All around the world, retail banks have implemented various forms of digital technology to bolster their marketing and advertising efforts. Innovations such as BLE beacons, facial recognition and digital display technologies continue to play a larger role in branches around the globe. However, the way in which these solutions are being implemented within branches and the ways in which banks are attempting to personalize their customer interactions differ greatly by geography.
In Asia, for example, customers entering a branch are immediately identified using biometrics. Facial recognition technology provides marketers the ability to capture the characteristics of a customer’s facial features with a camera, including age, race and gender. The camera executes an algorithmic analysis of the customer’s face and sends a specific message regarding that customer to the banking staff. In fact, facial technology has the ability to target a banking customer once he or she is within the bank’s Wi-Fi radius and can then pass along information to the banking staff so that they can be prepared to handle that customer in a personalized manner.
Citibank, for example, introduced the world’s first card-less biometric payment service as far back as 2006, according to Finacle from Infosys and Asian Banker Research from 2010, and the technology has continued to evolve dramatically since then. In many Asian countries, biometric technology is commonly employed by high net worth banks, which use a camera facing the front door to identify patrons and perhaps greet them by name. This is considered an honor under Asian social norms.
Additionally, the digital branch model remains important in Asia, as seen by a June 2014 announcement from HSBC detailing the launch of a flagship branch opening in Singapore with a “Digital Hub” to showcase the company’s e-banking platforms and related content. We expect to see more banks in the region emphasize personalized and digital experiences, given the expected growth in Asian banking.
Europe is, arguably, at the forefront of creating the digital bank branch with a customer experience driven and guided by digital technology. European banks have rethought the need for the traditional teller and have extended the self-checkout model already popular in many grocery stores and convenience stores to the branch. In 2009, Barclays unveiled its first “brand concept” branch in the UK featuring an interactive installation representing London, large video walls, and integrated content from blogs for an engaging customer experience.Just last month, Royal Bank of Scotland (RBS) announced it would spend more than $1.7 billion over the next three years to improve online and mobile banking and install new technology within its branches.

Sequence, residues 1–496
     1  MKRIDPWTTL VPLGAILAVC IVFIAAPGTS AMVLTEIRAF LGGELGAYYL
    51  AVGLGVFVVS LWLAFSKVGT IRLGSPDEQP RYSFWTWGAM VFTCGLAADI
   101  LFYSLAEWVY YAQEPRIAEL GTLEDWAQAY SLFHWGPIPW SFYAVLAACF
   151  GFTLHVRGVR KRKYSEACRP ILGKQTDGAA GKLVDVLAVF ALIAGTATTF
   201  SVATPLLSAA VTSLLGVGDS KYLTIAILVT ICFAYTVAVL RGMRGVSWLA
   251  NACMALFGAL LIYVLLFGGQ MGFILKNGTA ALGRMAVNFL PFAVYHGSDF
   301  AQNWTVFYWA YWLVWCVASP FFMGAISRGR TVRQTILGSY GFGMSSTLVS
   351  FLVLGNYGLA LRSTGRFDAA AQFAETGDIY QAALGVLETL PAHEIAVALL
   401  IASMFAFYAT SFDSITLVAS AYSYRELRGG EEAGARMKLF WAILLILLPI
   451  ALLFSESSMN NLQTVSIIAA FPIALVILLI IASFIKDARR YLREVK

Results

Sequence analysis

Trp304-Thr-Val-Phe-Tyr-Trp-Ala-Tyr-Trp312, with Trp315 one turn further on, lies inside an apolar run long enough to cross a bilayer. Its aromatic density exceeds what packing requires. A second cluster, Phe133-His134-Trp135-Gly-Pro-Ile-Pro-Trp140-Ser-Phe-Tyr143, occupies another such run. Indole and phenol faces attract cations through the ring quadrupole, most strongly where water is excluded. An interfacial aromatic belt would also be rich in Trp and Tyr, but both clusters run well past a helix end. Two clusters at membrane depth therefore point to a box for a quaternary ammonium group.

We can expect to see a greater number of European banks create an environment in which the branch contains one banking representative (at most) while delivering self-service banking through multiple mobile tablet stations. Such an environment enables marketers to create interactive experiences via mobile devices and tablets, which reduces personnel and printing costs.
While Europe has historically been a bit ahead of North America when it comes to the implementation of new banking technology, there has been a recent uptick in the adoption of digital marketing within North American bank branches. In 2013, Wells Fargo rolled out its “neighborhood bank format,” one-third the size of a typical location, in the trendy NoMa neighborhood in Washington, D.C. In the same year, BMO in Canada unveiled a “nanobranch” in Montreal with consultative meeting spaces and staffed with at least two employees to address customer’s sales and service needs, reinforcing the importance of the branch in North America as a center for education.
As a result, the ways in which North Americans use the branch is shifting. The branch has become a place to go to discuss bigger life decisions, such as purchasing a home or taking out a student loan. Most North Americans have said that they prefer to interact in a one-to-one environment within the branch when dealing with these types of financial matters, which is highlighted in a 2012 Accenture study. Marketing managers can use these parameters to develop a comfortable experience for North Americans.
Unlike in Asia, however, privacy concerns to some extent can limit how comfortable individual patrons are with the banks knowing too much about them. The majority of Americans and Canadians continue to desire a certain level of anonymity so that being greeted by name upon entering the branch could still be viewed as somewhat invasive. Even so, the combination of digital technology with customer analytics gives banks the world over an ability to influence customer behavior, loyalty, brand perception and sales – while revitalizing the branch at a time when mobile banking has become the norm.